I’m back, and many thanks to the diligent Grania who filled in for me for five or six days. Today happens to be Wednesday, July 11, and it’s National Blueberry Muffin Day. If you’re in the U.S., it’s “Free Slurpee Day“: as Wikipedia notes, “Small-size Slurpees are free on “7-Eleven Day”, on July 11.” If you’re near a 7-11, try your luck.
On this day in 1576, Martin Frobisher, during an attempt to force the Northwest Passage over North America, sighted the southeast tip of Greenland, but did not land there. On July 11, 1735, according to Wikipedia, “Mathematical calculations suggest that it is on this day that dwarf planet Pluto moved inside the orbit of Neptune for the last time before 1979.” Note that PLUTO IS A PLANET! On July 11, 1804, in a duel between Vice President of the U.S. Aaron Burr and former Secretary of the Treasury Alexander Hamilton, Hamilton was fatally wounded: the end of a great mind. On this day in 1893, Kokichi Mikimoto obtained the first cultured pearl. Or so Wikipedia says, but if you look up Mikimoto’s bio, you’ll see that another man had not only obtained a cultured pearl, but also a patent for making them, four years earlier. Wikipedia, get your act straight! On July 11, 1914, Babe Ruth made his debut in Major League Baseball, pitching for the Boston Red Sox. On this day in 1924, Eric Liddell, the “muscular Christian” in the movie Chariots of Fire, won a gold medal at the Paris Olympics in the 400 m run, but didn’t run in the heats for the 100 m dash as those were on Sunday. Here’s Liddell, an underdog, winning the 400; the film also shows his rival, the Jewish athlete Harold Abrahams:
On this day in 1960, the novel To Kill a Mockingbird, by Harper Lee, was first published in the United States. It now faces countrywide banning for the use of the “n word”, a travesty of Pecksniffism. Finally, exactly 12 years later, the epic chess match for the World Championship of 1972 began, pitting challenger Bobby Fischer against defender Boris Spassky. Fischer won.
Notables born on this day include John Quincy Adams (1767), E. B. White (1899), Yul Brynner (1920), Harold Bloom (1930), and Sela Ward (1956). Those who died on July 11 include George Gershwin (1937), Pär Lagerkvist (1974), Laurence Olivier (1989) and Lady Bird Johnson (2007).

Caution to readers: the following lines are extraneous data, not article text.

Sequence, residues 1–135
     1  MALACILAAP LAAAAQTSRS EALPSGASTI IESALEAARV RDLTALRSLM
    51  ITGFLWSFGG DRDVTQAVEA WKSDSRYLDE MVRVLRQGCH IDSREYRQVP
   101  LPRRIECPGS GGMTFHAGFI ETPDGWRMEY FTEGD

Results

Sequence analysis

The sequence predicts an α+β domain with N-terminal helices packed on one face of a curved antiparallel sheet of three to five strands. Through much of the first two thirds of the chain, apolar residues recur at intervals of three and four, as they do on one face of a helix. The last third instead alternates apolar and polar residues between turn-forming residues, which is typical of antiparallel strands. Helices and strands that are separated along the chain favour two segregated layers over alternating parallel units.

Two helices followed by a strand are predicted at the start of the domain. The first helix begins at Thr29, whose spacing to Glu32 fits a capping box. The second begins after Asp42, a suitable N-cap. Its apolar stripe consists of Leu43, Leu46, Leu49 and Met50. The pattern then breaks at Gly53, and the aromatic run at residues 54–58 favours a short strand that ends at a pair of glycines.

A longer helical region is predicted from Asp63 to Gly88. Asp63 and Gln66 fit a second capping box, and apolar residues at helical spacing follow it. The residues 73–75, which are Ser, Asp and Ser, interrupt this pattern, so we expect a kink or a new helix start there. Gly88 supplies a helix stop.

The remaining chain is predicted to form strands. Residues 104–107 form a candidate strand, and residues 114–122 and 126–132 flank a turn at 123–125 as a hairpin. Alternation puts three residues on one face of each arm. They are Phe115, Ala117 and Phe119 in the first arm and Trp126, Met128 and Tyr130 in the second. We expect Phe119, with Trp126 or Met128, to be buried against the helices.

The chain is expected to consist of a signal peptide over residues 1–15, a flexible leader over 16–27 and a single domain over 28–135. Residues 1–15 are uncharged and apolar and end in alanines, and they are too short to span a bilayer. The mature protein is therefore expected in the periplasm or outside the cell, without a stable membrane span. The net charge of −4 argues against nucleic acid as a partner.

Meanwhile in Dobrzyn, Hili disses the neighbors (I hope they don’t read Listy!):
Cyrus: Does stupidity have limits?Hili: Ours does but our neighbour’s stupidity doesn’t.
Cyrus: Czy głupota ma granice?
Hili: Nasza tak, ale u sąsiadów, żadnych.
Tweets from Matthew. This is a harmless moth that’s a Batesian mimic of a wasp. I bet you wouldn’t touch it!
One of THE most convincing yellow jacket mimics I’ve ever seen. Sesia tibiale, the American Hornet Moth. pic.twitter.com/IzH9gAqz2t
— Phil Torres (@phil_torres) July 10, 2018
This wonderful raccoon mother is the mammalian equivalent of Honey. Sound on, and don’t miss this one:
This raccoon mom is putting all of her kids to bed 😍 pic.twitter.com/xpWEmMvMGB
— The Dodo (@dodo) July 10, 2018
Nature red in tooth and fin!:
— NOAA Office of Ocean Exploration & Research (@oceanexplorer) July 10, 2018
This is the larva of a crab. Look at those eyes!
A magnificent megalopa. With remnants of the zoea's dorsal spine, the final larval stage of this crab has good eyes and a pair of claws. Just 2mm across, it'll feed voraciously among the plankton and soon settle to the seabed. @zeiss_micro pic.twitter.com/mBI4MB6B6w
— Dr Richard Kirby (@PlanktonPundit) July 10, 2018
Matthew et famille are vacationing in Norway, and are astounded at how long it stays light. Here’s 11 p.m.:
23:00 in Bergen. pic.twitter.com/X11aKRPA2s
— Matthew Cobb (@matthewcobb) July 9, 2018
The ability of some cephalopods to not only change colors, but put on a light show, is amazing. Sound on:
Alright y’all liked horseshoe crab babies, but what about a wee angry hypnotic cuttlefish? Cue Metasepia pfefferi (the Flamboyant Cuttlefish) @MBLScience. Color changes due to #chromatophores, organs in skin consisting of pigment granules surrounded by neurally-controlled muscles pic.twitter.com/u034aniaYe
— Aaron Pomerantz (@AaronPomerantz) July 10, 2018
The Thai boys trapped in a cave were saved, but let’s not forget that one man lost his life diving in to save them:
— Scott Kelly (@StationCDRKelly) July 10, 2018
There are several tweets in this thread about how awful this trillion-dollar plane is; I’ve put two below the first one, but go to the whole discussion to see what a disaster American taxpayers are financing.
Here was a tweet showing an awesome pass with a heel tap in the France vs. Belgium game, but stupid FIFA made them take down even the tweet. Readers are welcome to direct us to that marvelous pass.
From Heather Hastie, a snowy egret.
The beautiful Snowy Egret sports showy plumes that grow on its head & back. Great demand for these spectacular plumes—used to make ladies' hats—almost led to the birds' extinction by the early 1900s. The Migratory Bird Treaty Act, signed into law in 1918, saved this species. pic.twitter.com/SgkNdCfz91
— American Museum of Natural History (@AMNH) July 11, 2018
. . . and a thirsty kitty:
Millions and millions of stars. Can you spot them all?
And a leaping little puffball: